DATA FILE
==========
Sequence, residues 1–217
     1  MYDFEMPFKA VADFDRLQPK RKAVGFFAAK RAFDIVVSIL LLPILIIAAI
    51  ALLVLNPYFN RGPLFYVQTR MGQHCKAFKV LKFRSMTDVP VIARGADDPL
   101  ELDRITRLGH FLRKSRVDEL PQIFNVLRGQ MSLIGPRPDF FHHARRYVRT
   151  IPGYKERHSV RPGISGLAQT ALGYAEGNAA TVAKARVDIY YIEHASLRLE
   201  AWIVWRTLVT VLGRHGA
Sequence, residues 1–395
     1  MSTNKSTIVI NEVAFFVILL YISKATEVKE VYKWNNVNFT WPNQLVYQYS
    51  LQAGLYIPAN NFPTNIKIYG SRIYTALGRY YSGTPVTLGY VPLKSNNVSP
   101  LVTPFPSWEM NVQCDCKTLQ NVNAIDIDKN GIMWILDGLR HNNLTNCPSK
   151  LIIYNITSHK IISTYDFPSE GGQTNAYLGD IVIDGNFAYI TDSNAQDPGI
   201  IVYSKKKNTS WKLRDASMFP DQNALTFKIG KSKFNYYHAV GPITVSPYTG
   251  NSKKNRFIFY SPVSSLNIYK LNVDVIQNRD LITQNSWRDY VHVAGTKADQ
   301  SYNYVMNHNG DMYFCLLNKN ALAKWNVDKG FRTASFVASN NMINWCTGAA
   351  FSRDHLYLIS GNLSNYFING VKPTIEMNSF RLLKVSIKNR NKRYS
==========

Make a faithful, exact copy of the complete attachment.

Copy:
Sequence, residues 1–217
     1  MYDFEMPFKA VADFDRLQPK RKAVGFFAAK RAFDIVVSIL LLPILIIAAI
    51  ALLVLNPYFN RGPLFYVQTR MGQHCKAFKV LKFRSMTDVP VIARGADDPL
   101  ELDRITRLGH FLRKSRVDEL PQIFNVLRGQ MSLIGPRPDF FHHARRYVRT
   151  IPGYKERHSV RPGISGLAQT ALGYAEGNAA TVAKARVDIY YIEHASLRLE
   201  AWIVWRTLVT VLGRHGA
Sequence, residues 1–395
     1  MSTNKSTIVI NEVAFFVILL YISKATEVKE VYKWNNVNFT WPNQLVYQYS
    51  LQAGLYIPAN NFPTNIKIYG SRIYTALGRY YSGTPVTLGY VPLKSNNVSP
   101  LVTPFPSWEM NVQCDCKTLQ NVNAIDIDKN GIMWILDGLR HNNLTNCPSK
   151  LIIYNITSHK IISTYDFPSE GGQTNAYLGD IVIDGNFAYI TDSNAQDPGI
   201  IVYSKKKNTS WKLRDASMFP DQNALTFKIG KSKFNYYHAV GPITVSPYTG
   251  NSKKNRFIFY SPVSSLNIYK LNVDVIQNRD LITQNSWRDY VHVAGTKADQ
   301  SYNYVMNHNG DMYFCLLNKN ALAKWNVDKG FRTASFVASN NMINWCTGAA
   351  FSRDHLYLIS GNLSNYFING VKPTIEMNSF RLLKVSIKNR NKRYS